Viewing Issue Advanced Details
|ID||Category [?]||Severity [?]||Reproducibility||Date Submitted||Last Update|
|06665||Timing||Minor||Always||Aug 19, 2017, 22:26||Aug 25, 2017, 01:16|
|Tester||MrGW||View Status||Public||Platform||MAME (Self-compiled)|
|Assigned To||Resolution||Open||OS||Linux (64-bit)|
|Version||0.188||Fixed in Version||Build||Normal|
|Summary||06665: All drivers in coco12.cpp, coco3.cpp: Very slow load times when accessing the floppy drive|
I'm not sure when this started, but the floppy drive load times are extremely slow when using various Coco drivers when using MAME's built-in floppy drive support. A good example of this would be to mount and load John Kowalski's Donkey Kong (or Donkey Kong Remix) DSK image. Granted, it is one the largest files to load (at 68 granules) it takes over twice as long to load in MAME as it does on real Coco 3 hardware with a Tandy floppy drive and Tandy FDC controller. I've noticed this behavior on my Linux workstation, Windows workstation and even the Raspberry Pi 3. Please keep in mind that the emulated system speed is spot on. No issues there. Just floppy drive I/O speed.
If you use DriveWire to load the DSK images, I/O is noticeably faster. That being said, I don't know if DriveWire (with the Becker port) is emulating real floppy disk I/O speed.
|Steps To Reproduce||
Load MAME using the 'coco3' driver.
Mount John Kowalski's Donkey Kong (or Donkey Kong Remix) DSK image from MAME's UI or from the command line.
LOADM "DKREMIX" (if you have the Donkey Kong Remix DSK image).
Use a stop watch and record the total time it takes until you get the flashing color prompt back again.
Compare this time to a real Coco 3, loading Donkey Kong Remix from a real 5 1/14" floppy disk.
|Affected Sets / Systems||All drivers in coco12.cpp, coco3.cpp|
|There are no relationsihp linked to this issue.|
Aug 19, 2017, 23:45
|You'll have to give us times, as none of us have the real hardware.|
Aug 20, 2017, 00:30
edited on: Aug 20, 2017, 00:31
Regression appears to be from 0.162 to 0.163 - 0.163 being the new WD Floppy driver code.
0.162 takes about 35 emulated seconds to load the game to prompt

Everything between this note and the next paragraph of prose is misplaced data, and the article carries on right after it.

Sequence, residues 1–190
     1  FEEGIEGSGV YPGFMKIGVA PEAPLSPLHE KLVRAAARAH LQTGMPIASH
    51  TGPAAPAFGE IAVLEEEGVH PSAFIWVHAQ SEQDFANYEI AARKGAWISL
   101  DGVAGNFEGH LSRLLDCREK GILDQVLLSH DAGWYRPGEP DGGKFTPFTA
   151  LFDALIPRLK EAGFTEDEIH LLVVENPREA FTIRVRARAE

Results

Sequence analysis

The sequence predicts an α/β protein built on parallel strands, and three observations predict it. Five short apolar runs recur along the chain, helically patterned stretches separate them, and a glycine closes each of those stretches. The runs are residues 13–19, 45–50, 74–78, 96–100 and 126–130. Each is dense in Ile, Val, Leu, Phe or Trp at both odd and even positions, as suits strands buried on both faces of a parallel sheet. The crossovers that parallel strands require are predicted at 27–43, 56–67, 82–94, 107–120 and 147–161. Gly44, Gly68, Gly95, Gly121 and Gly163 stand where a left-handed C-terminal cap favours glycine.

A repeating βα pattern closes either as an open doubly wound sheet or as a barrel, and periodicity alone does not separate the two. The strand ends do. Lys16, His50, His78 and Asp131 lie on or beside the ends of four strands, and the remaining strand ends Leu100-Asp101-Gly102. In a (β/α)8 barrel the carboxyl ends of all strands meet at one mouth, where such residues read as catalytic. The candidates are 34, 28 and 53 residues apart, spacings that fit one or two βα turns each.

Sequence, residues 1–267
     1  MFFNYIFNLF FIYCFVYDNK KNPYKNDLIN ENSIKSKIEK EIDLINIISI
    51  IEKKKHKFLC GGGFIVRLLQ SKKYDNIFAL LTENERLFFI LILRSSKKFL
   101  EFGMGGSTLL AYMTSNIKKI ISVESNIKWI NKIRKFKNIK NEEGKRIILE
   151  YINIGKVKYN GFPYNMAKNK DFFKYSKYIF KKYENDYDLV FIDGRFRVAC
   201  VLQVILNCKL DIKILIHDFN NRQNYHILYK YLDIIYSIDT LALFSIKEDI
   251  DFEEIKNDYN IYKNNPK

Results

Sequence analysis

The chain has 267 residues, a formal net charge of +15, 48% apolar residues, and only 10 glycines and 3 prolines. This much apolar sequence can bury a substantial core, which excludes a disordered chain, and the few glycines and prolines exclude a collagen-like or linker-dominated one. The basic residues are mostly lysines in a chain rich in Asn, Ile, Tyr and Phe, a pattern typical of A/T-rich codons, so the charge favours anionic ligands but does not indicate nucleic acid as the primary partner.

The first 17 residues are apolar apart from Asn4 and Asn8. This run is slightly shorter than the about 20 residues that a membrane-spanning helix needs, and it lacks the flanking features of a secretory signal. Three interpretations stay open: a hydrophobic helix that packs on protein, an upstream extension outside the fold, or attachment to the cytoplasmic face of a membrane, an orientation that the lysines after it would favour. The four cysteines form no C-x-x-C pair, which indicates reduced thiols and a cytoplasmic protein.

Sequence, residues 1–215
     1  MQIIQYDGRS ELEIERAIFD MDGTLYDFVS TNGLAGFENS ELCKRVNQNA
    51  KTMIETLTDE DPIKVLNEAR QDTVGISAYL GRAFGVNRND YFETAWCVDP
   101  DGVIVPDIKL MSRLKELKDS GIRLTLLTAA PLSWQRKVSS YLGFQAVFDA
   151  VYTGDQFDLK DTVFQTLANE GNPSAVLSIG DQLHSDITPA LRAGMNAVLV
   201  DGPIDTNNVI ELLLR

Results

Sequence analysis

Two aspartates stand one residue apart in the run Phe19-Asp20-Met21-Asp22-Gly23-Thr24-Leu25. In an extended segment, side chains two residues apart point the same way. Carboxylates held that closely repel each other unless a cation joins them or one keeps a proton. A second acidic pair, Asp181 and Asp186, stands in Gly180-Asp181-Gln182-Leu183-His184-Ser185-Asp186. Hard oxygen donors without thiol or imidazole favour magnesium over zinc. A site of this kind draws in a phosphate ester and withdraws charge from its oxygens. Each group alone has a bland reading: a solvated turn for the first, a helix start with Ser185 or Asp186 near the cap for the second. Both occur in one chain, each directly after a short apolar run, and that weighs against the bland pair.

0.163 takes about 135 emulated seconds to load the game to prompt
> mame64 coco3 dkremix -autoboot_delay 1 -autoboot_command loadm"""dkremix\n -ui_active
This will start the game, issue the command and start loading ASAP
It would be nice to get an accurate reading from actual hardware.
Aug 20, 2017, 00:33
|To OP, this is not a critical bug. Only bugs which crash/hang/freeze the emulation are considered critical.|
Aug 20, 2017, 18:44
|I just tested loading DKREMIX from a real FD 501 disk drive unit and controller on a Coco 3. 42.38 seconds. To confirm, the binary file is 68 granules in size. Thanks.|
Aug 21, 2017, 23:23
|I can perform more testing, like DSKINI, loading other games, etc., on real hardware if you would like. It sure sounds like disk I/O speed was more accurate prior to MAME 0.163.|
Aug 24, 2017, 23:45
I did some testing of my own.
I decided to create a new disk image using MAME in drive 0, but I chose the disk image format of "HxCFloppyEmulator floppy disk image mfm"
I then did a DSKINI 0
I then mounted the DKREXMIX.DSK image in drive 1.
I then did a BACKUP 1 TO 0
I then did a LOADM"DKREMIX
My load time off of the MFM disk image was 42.78 seconds.
So my guess at this moment is the JVC routines that load the JVC disk image in as it is building the mfm track image is not using a interleave that is best suited for Disk Basic.
Which I assume at this point this is probably a problem in the coco_fdc.cpp
Aug 25, 2017, 01:16
Looking through the sources for coco_fd.cpp and going down this rabbit hole of routines I found in formats folder a source file called jvc_dsk.cpp and looking through that saw no option for a interleave in there. I went further down the chain to flopimg.cpp and am now looking at how the routines work in there. I believe a interleave option would be something good to add to these routines so it would be possible to set on a per system setting the best interleave that was used for those computer systems. If I understand these routines correctly the interleave is a 1.
For example. NitrOS-9 L2 & OS-9 L2 on real floppy disks the interleave was 3. I believe Disk Basic was a interleave of 4. On some older information this is also known as SKIP factor.
I know this would be a lot of work, but in my opinion some form of extra variable needs to be passed so these routines can build the track in such a way so there is a more realistic interleave based on the original system that might have called it.